All of the participants were Han Chinese and were selected from the First Affiliated Hospital of Xinjiang Medical University. The time period of the study was from January 2012 to January 2016. A total of 314 subjects diagnosed with CAS and 652 health controls were recruited. CAS was defined as thickened and/or calcified aortic leaflets with restricted systolic motion, a calculated aortic valve area 1.8 cm2 and a transaortic mean pressure gradient 10 mmHg [15, 16]. Subjects who did not have relevant valvular abnormalities in echocardiograms or a history of valvular heart disease were selected as the control group. Subjects with rheumatic heart disease, congenital heart disease, chronic kidney disease, and syphilitic heart disease were excluded. Hypertension was defined as self-reported use of antihypertensive medication within the past 2 weeks or an average systolic blood pressure ≥ 140 mmHg, an average diastolic blood pressure ≥ 90 mmHg, or both. Diabetes was defined as fasting plasma glucose ≥6.99 mmol/L, the use of insulin or oral hypoglycemic agents, or a self-reported history of diabetes. Smoking was defined as currently smoking cigarettes. We have added these to the method section.
Blood samples were obtained from an antecubital vein into vacutainer tubes containing EDTA in the morning after an overnight fasting period. We measured the plasma concentration of blood triglyceride (TG), total cholesterol (TC), low density lipoprotein (LDL), high density lipoprotein (HDL) and fasting plasma glucose (FPG) in the Clinical Laboratory Department of the First Affiliated Hospital of Xinjiang Medical University [17, 18].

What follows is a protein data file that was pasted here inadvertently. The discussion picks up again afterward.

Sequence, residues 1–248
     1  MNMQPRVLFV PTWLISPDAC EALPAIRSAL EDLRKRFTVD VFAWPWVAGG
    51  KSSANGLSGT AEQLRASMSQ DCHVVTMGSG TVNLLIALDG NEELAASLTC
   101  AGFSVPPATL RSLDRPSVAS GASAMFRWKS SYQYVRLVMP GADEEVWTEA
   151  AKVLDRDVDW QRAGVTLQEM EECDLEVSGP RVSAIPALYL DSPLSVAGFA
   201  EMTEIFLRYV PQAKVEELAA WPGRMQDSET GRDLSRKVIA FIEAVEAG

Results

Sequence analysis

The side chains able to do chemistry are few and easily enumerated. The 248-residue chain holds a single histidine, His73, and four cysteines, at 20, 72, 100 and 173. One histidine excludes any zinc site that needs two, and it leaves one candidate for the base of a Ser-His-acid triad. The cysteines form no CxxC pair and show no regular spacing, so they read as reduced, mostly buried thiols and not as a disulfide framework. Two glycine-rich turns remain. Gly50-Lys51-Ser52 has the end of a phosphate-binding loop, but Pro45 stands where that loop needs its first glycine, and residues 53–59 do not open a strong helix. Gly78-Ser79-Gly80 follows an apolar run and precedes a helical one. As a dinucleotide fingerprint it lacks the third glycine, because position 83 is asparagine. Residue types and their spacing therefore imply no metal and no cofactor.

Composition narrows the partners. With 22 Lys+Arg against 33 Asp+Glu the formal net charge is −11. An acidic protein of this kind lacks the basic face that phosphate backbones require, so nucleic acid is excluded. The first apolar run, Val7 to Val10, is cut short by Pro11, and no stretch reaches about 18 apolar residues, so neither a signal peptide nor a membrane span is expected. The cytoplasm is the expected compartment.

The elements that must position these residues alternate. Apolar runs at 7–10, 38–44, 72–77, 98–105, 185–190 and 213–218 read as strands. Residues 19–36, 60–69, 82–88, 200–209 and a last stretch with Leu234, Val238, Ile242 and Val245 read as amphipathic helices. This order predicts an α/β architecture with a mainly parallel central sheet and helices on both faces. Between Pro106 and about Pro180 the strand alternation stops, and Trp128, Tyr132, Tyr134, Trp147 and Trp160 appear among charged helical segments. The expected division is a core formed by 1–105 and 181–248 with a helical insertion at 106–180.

We selected two single-nucleotide polymorphisms (SNPs) in the human APOB gene as markers for assessment of genetic association. There are 5453 SNPs for the human apoB gene listed in the National Center for Biotechnology Information SNP database (http://www.ncbi.nlm.nih.gov/SNP). Using Haploview 4.2 software and International HapMap Project website phase I&II data base (http://www.hapmap.org), we obtained two tagging SNPs (rs6725189,rs693) using minor allele frequency (MAF) ≥0.05 and linkage disequilibrium patterns with r2 ≥ 0.8 as a cutoff. Genomic DNA was extracted from peripheral blood leukocytes using a DNA extraction Kit (Beijing Bioteke Company Limited, Beijing, China). Genotyping in this present study was confirmed via polymerase chain reaction (PCR)-restriction fragment length polymorphism (RFLP) analysis. Sequencing primers were designed using Primer Premier 5.0 software. Synthesis of the Premier was undertaken by Shanghai Genery Biological Technology Company Limited (Shanghai, China). PCR amplification was performed using 25 μL of 2*powder Taq PCR master mix (Beijing Biotech, Beijing, China), 50 ng of genomic DNA, 21 μL of distilled water, 1 μL of each forward and reverse primer in a 50 μL final reaction volume. The thermal cycling conditions were as follows: an initial denaturation step at 95 °C for 5 min; 35 cycles of 95 °C for 30 s, 51.3 °C for 30 s and 72 °C for 45 s was followed by a final extension step of 72 °C for 10 min. Thermal cycling was performed using the GeneAmp 9700 system (Applied Biosystems). Digestion of PCR products by restriction enzymes was conducted according to the manufacturer’s instructions . The primer pair sequences, annealing temperatures, resulting fragments and restriction enzymes for the two SNPs are detailed in Table 1. The digested products were analyzed on 3% agarose gels and stained with ethidium bromide (Fig. 1). In our test, there exist at least one positive and one negative control per 96-well DNA plate and we also duplicated 10% of the total genotyped samples. The rate of genotyping success for each SNP was 100%.